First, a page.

This makes reforms of the multilateral financial system even less promising than they were when the BRICS came together. No major changes in the governance of the Washington-based financial institutions, which are still firmly controlled by the West, should be expected in the foreseeable future. The G20 is going through its most difficult phase with the U.S. and a few European countries trying unsuccessfully to exclude Russia from the group, and staging walkouts from meetings when a Russian official speaks.

All of this is most unfortunate, and it is to be hoped that sometime in the future, peaceful relations and a true multilateral spirit will prevail in the world. In the meantime, however, BRICS common action will be all the more necessary. Building on what has been achieved in this year's Chinese chairmanship, the BRICS should strive to carry out existing initiatives and perhaps launch new ones.

The NDB and the CRA should be further developed. For instance, the CRA should decide on the location of and establish its surveillance unit. The NDB, which is the most important of the two BRICS financial initiatives, has yet to expand membership significantly, having brought in only four new members so far. It should also take additional steps to use national currencies in replacement of the U.S. dollar in its operations.

But besides reviewing and reinvigorating existing financial initiatives, the BRICS should look into bringing in new topics into its agenda considering the challenges that have arisen in the most recent past, and especially in 2022.

Recent events have shown the need to seriously consider international monetary issues. What we have since the 20th century is a non-system, a precarious international arrangement based fundamentally on one national fiat currency, the U.S. dollar, with a secondary role played by a few other advanced country currencies.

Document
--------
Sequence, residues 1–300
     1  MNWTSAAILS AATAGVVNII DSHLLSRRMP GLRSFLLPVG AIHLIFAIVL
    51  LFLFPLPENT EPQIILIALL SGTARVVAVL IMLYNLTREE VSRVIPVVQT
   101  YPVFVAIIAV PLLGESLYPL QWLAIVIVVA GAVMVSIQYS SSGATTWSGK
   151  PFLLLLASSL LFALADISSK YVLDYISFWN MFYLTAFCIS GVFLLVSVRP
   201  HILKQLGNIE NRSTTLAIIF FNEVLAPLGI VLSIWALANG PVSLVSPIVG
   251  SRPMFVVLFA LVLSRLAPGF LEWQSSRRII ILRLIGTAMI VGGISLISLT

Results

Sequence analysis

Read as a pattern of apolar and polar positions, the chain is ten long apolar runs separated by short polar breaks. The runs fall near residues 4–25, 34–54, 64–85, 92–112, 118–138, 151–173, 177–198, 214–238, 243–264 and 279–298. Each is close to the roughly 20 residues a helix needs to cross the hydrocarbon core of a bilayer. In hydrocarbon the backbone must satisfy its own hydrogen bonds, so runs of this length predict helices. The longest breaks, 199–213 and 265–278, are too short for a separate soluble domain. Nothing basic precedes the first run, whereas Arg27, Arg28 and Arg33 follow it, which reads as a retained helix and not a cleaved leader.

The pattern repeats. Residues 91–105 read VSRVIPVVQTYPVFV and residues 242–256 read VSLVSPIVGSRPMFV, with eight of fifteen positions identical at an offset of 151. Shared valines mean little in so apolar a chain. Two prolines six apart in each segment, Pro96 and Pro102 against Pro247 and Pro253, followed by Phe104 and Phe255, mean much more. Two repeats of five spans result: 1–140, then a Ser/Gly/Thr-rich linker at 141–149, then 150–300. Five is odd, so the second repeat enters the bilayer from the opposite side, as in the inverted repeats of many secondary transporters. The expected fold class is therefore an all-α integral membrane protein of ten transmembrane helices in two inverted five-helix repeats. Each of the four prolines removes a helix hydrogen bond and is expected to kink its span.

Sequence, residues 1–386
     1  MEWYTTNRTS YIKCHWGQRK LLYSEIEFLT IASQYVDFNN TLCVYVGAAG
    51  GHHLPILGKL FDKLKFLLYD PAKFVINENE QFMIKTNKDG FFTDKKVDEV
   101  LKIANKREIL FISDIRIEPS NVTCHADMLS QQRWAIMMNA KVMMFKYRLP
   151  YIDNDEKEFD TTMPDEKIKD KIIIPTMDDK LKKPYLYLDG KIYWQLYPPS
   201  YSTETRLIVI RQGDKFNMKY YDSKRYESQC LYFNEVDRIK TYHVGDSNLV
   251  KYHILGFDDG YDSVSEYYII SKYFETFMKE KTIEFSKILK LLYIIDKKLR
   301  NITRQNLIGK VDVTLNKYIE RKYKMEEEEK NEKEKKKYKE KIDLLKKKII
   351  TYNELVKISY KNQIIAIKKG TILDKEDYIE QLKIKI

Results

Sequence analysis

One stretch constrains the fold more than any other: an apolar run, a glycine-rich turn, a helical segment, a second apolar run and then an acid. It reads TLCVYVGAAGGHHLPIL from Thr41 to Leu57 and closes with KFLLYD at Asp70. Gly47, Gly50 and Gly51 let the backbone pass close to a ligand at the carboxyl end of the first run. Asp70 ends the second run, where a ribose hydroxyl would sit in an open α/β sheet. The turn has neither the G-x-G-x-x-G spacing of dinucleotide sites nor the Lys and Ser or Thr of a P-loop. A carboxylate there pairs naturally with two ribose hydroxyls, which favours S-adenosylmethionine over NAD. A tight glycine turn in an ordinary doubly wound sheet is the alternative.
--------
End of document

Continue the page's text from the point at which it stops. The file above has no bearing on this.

What was precarious has become alarmingly unsafe. The U.S. has abused the role of its currency and financial institutions by transforming them into weapons of economic wars against certain countries.

This weaponization of currency and finance has destroyed confidence in a fundamental way. Countries like Iran and Venezuela have been targeted in the past, but the current economic measures against Russia are unprecedented in scale, involving among many other sanctions a freeze of financial assets of about $300 billion, amounting to around half of Russia's international reserves, including dollar and also euro holdings.

In Russian official circles, discussion has begun on what is being called the R5 project, taking a cue from the coincidence that the five BRICS currencies begin with the letter R – Brazilian real, Russian ruble, Indian rupee, Chinese yuan (renminbi), and South African rand. This could involve, for instance, the development and multilateralization of payment agreements in national currencies, building on existing bilateral agreements such as the ones between Russia and China and between Russia and India. Bypassing the dollar, the euro, and Western financial institutions, would reduce risks of political interference and transaction costs.

Beyond that,the BRICS could discuss the creation of a new international reserve currency, based on size and strength of their economies. These matters are of greater immediate interest for Russia and China, for obvious reasons, but are of interest to all those that wish to have international arrangements that are not vulnerable to the whims and unilateral actions of a few major countries.

In their latest meeting, on June 6, BRICS Finance Ministers and Central Bank Governors decided to establish the BRICS Think Tank Network for Finance to strengthen research on finance among our countries. In cooperation with the BRICS Payments Task Force, a platform between the central banks created during India's chairmanship of the BRICS last year, the think tank network could perhaps initiate an in-depth exploration of all the above-mentioned matters over the next two years. This could contribute to the improvement of the existing financial mechanisms of the BRICS and to open the way for new ideas and initiatives that could help our countries and the rest of the world.